c.1920 Fancy Unmarked Portuguese Guitar

This is a beautiful example of an earlier (smaller, 17 1/4" scale, narrow 1 1/2" nut) Portuguese guitar. It's in really great shape with the exception of damage to one side of the scroll headstock and a few hairline cracks (repaired) on the back and treble side. The top has no cracks.

My work included repairing the back hairlines and also cleating/repairing the side hairlines, cleaning, setup, fret work and fret level/dress, tuner lube, and a replacement bridge. It now plays beautifully with a hair over 1/16" action at the 12th fret and a slick, quick feel.

've strung it with a light 12-string guitar set (I pop the ball ends out and then make 2nd loops on the other end) which allows for tunings of GCFBbDG ("terz") or ADGCEA ("quart") guitar tunings as well as a variety of open tunings. GDGBDG (open D raised to G pitch) sounds extra nice on this. While not traditional (trad. tuning would be DABEAB bass to treb) this allows for easy fingering if you're already a regular guitarist and also gives the instrument an extended range vs. standard Fado tuning.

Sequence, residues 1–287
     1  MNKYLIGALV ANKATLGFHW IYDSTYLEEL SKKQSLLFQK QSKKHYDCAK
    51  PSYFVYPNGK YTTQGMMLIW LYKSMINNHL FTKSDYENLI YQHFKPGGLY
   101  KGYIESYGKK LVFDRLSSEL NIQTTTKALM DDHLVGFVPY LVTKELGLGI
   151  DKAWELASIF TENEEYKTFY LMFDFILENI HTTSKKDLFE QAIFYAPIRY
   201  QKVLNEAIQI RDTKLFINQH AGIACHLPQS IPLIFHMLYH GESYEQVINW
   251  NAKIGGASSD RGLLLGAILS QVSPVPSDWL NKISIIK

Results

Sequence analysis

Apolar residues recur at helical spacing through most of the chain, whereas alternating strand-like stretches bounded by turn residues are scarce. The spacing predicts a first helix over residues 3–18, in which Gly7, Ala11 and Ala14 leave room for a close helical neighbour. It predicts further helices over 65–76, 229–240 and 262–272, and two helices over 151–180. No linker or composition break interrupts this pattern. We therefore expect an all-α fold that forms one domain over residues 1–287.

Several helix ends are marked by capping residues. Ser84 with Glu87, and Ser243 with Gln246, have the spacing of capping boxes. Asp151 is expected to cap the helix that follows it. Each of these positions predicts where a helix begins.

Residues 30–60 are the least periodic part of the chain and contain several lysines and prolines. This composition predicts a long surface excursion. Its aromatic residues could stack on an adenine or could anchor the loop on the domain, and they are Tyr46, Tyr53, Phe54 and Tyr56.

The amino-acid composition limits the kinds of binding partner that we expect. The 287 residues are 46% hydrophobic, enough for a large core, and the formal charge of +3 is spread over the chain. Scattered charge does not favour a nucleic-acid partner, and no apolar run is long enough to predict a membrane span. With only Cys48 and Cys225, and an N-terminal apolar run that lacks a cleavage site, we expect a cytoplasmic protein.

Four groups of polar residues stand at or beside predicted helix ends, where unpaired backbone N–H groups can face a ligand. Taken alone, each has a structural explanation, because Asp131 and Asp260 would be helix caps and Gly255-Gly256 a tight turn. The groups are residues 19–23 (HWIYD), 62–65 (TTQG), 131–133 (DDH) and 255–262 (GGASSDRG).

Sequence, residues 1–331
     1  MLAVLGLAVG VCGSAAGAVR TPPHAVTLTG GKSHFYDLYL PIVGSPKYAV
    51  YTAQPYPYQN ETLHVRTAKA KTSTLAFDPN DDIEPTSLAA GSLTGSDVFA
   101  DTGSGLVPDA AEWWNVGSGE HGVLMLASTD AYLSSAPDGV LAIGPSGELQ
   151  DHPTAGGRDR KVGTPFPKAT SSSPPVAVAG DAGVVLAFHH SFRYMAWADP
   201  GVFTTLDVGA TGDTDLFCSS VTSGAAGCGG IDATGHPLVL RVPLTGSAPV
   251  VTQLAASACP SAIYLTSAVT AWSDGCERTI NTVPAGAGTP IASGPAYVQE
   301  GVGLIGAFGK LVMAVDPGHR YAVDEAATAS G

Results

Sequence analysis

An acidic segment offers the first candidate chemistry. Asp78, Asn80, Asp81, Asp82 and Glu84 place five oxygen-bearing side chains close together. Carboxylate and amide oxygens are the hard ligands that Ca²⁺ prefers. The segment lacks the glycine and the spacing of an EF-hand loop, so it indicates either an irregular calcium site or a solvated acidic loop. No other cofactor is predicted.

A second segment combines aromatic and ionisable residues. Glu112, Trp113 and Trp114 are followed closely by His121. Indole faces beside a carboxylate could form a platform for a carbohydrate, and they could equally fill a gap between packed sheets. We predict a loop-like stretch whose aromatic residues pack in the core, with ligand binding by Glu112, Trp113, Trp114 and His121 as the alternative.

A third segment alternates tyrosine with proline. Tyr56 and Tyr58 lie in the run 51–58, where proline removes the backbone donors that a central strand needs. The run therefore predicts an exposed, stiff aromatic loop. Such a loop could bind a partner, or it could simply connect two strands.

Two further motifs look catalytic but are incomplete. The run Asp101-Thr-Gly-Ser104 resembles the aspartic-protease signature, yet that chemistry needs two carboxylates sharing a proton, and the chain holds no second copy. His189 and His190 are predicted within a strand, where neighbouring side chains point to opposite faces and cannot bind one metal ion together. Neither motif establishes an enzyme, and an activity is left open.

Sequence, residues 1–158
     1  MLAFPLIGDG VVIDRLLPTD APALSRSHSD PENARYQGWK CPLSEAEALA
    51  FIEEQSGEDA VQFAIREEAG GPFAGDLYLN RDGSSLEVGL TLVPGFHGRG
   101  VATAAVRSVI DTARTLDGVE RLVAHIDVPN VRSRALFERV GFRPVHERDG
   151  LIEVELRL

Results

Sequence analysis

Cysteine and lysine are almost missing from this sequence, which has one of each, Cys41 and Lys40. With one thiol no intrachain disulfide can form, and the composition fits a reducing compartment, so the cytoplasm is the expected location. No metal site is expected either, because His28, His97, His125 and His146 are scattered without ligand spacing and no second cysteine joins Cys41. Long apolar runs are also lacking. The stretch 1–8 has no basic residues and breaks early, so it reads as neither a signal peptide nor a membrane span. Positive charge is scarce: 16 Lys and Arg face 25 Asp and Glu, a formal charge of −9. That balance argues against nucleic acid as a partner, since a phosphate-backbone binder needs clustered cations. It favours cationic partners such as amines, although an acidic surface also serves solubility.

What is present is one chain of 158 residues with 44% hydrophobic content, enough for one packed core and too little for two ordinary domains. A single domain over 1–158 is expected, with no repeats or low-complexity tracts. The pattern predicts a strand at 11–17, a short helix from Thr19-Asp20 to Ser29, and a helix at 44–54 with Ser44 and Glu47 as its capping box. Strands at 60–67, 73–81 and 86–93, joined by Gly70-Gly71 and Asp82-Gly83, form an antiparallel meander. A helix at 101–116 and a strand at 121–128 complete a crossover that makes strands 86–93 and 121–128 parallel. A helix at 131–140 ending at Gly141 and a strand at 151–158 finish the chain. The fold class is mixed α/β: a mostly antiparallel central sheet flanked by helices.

The soundboard is in great shape. With all that "extra string length" below the bridge, Portuguese guitars tend to be rich in overtones and lingering sustain.

The fretboard appears to be olive wood to my eyes, but may just be some form of rosewood. The inlay is a sort of ivoroid-y material. Note the M&J inlays -- cool!

The frets are all brass bar stock with the exception of the first three which appear to be mostly copper!

Brass "peacock" (clock key style) tuners work great even after all this time. Note the brass nut which is necessary to hold the strings against the sideways tension of those outer tuner hooks.

I reprofiled a tall ebony/maple banjo bridge to stand in or the original (probably bone or rosewood) bridge. This works nicely (and looks cool, too) since it's so lightweight and the original bridge probably was as well. A lightweight bridge brings that full, ringing, zinging tone right to the fore.

Nice simple soundhole rosette, too.

The "rope" binding on the top edge is a really nice touch.

Nice mahogany on the sides, huh?

The breathtakingly pretty mahogany on the rear might be curly Cuban or Honduran mahogany since it's so orangey in color and curly.

There are three fairly long hairline cracks on the back but they've all been filled and were pretty tight to begin with.

It's hard to see but there's also a patched hairline crack (2 of them, actually) towards the neck block on this side. I cleated them as well and they're all good to go.

I like the contrasting endstrip!